A HUGE congratulations to Joseph Bathanti! Joseph is one of six people being honored this year with the North Carolina Award, the state's highest honor. This is an enormous honor and we couldn't be prouder of Joseph. Please join me in congratulating him and thanking him for everything that he does for the department, the university, the state, and for literature.
RALEIGH, N.C. -- The state's highest civilian honor, the North Carolina Award, will be presented to six distinguished North Carolinians Thursday, Sept. 22, at the Raleigh Marriott City Center. Governor Pat McCrory will present the awards at the 7 p.m. banquet and ceremony, following a reception for the recipients at 6 p.m.
The 2016 honorees include Joseph Bathanti of Vilas for Literature; Dr. Linda S. Birnbaum of Chapel Hill for Science; Robert J. Brown of High Point for Public Service; James C. Gardner of Rocky Mount for Public Service; Dr. Assad Meymandi of Raleigh for Fine Arts; and Dr. Aziz Sancar and Dr. Paul L. Modrich of Chapel Hill for Science. The awards are administered by the N.C. Department of Natural and Cultural Resources.
"It is an honor to pay tribute to these remarkable individuals who have made North Carolina better by their extraordinary involvement in this state," said Susan Kluttz, Secretary of the N. C. Department of Natural and Cultural Resources. "Each has enriched the lives of our citizens and propelled North Carolina onto the national and world stages."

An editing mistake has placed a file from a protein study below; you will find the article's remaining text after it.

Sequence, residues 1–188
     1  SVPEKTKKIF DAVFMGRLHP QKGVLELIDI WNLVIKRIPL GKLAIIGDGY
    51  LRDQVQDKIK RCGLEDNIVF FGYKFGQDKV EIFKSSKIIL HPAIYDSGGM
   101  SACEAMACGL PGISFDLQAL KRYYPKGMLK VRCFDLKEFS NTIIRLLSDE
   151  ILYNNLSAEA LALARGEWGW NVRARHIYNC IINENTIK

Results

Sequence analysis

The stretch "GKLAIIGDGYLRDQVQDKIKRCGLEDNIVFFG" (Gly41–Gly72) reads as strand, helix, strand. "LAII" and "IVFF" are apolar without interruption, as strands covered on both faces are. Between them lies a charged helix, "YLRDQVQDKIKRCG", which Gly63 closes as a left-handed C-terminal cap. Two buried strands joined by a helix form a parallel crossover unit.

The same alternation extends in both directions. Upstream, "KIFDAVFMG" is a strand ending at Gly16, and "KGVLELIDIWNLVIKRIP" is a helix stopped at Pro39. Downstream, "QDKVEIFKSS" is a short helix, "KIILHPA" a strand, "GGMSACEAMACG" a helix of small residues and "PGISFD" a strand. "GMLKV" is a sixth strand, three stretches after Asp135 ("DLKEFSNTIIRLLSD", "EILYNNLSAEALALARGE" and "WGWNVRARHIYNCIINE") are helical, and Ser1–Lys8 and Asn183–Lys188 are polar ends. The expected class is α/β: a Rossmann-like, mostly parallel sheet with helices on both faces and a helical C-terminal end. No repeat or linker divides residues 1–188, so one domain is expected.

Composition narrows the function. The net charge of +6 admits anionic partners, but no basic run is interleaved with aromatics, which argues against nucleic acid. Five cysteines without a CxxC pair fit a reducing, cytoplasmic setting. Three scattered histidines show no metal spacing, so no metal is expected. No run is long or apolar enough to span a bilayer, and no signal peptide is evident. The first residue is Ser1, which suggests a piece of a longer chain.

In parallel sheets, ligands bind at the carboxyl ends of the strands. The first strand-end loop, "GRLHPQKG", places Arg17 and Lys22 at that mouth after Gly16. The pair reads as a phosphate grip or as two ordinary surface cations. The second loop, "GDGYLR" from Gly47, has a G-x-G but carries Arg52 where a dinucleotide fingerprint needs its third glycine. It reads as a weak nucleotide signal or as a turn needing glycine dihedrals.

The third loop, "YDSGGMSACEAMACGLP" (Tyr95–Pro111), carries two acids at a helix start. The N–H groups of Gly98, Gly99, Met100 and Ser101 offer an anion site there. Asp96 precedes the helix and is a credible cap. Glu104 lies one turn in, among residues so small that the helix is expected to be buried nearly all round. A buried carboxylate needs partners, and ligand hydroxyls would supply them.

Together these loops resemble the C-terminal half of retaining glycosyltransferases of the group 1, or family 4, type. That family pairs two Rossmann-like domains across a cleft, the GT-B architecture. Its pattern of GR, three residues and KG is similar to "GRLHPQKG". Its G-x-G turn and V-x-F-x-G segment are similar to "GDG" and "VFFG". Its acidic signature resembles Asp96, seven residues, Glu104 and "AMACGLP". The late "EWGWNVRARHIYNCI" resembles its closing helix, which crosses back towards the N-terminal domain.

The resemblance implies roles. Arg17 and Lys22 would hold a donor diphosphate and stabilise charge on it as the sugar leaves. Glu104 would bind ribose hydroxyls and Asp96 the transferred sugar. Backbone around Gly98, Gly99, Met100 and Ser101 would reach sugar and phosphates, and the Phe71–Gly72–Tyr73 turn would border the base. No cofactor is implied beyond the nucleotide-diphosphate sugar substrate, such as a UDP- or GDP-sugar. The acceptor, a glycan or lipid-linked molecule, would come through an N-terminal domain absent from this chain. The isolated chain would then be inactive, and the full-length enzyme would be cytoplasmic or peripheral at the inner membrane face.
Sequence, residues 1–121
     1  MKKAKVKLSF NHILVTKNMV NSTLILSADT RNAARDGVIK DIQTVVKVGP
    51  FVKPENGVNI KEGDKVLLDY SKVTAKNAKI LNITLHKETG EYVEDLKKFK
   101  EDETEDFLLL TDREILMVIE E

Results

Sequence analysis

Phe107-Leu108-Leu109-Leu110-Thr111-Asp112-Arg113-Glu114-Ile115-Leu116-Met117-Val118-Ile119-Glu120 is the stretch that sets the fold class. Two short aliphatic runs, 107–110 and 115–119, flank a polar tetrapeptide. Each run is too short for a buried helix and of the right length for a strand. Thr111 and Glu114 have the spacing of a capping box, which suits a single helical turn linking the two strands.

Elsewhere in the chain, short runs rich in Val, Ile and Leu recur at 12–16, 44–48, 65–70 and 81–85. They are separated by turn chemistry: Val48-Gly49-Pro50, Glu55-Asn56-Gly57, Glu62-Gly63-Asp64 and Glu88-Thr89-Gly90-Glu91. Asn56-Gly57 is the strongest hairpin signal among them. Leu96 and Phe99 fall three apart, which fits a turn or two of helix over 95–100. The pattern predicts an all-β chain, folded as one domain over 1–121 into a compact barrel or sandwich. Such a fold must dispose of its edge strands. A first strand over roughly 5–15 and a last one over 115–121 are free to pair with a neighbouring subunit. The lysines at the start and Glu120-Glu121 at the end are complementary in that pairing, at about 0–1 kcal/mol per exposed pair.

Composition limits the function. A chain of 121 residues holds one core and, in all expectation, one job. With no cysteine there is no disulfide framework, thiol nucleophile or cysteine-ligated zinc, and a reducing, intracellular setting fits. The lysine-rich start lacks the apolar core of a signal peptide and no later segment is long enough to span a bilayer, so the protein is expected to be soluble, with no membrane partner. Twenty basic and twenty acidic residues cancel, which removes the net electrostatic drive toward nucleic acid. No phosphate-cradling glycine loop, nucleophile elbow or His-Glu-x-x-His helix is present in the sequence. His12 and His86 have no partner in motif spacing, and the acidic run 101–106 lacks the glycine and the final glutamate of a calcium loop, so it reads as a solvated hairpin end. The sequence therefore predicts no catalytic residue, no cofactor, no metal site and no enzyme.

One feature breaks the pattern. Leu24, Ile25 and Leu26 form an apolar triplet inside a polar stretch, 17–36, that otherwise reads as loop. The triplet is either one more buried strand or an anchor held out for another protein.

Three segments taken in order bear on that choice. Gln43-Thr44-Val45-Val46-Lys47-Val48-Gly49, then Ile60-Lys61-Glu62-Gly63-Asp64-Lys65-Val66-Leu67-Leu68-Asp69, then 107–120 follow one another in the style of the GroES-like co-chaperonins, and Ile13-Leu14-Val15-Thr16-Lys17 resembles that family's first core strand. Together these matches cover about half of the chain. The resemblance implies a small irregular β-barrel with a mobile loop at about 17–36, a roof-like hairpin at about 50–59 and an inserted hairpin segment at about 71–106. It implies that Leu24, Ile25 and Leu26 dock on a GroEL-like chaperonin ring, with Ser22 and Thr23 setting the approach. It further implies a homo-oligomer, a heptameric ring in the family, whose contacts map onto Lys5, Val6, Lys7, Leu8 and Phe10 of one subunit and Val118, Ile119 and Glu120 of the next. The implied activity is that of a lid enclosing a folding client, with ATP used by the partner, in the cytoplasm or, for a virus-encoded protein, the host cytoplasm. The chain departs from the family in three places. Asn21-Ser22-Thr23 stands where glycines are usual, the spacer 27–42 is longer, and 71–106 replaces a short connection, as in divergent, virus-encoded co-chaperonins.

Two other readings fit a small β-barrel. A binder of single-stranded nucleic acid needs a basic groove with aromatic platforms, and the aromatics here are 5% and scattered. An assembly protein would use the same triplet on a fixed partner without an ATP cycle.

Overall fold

Joseph Bathanti has served as North Carolina's poet laureate and has written 10 volumes of poetry, three novels and a short story collection. He is the recipient of some of the state's most prestigious literary awards, and teaches creative writing at Appalachian State University. He is admired and respected by his literary peers. Bathanti came to North Carolina in 1976 to work for Volunteers in Service to America (VISTA) noting that he had a master's degree in English and no idea what work he wanted to do. His assignment was teaching at the state correctional facility in Huntersville. There he met his wife Joan who taught the Pittsburgh native about grits. His interactions with the incarcerated taught him the importance of allowing others to tell their personal stories. He came to love North Carolina and writes of this state and his native Pennsylvania equally. He serves as an ambassador of letters, and has worked with military veterans to tell their stories as well. Through all of his teaching posts and populations, he brings an appreciation for the human spirit and the humanity of us all.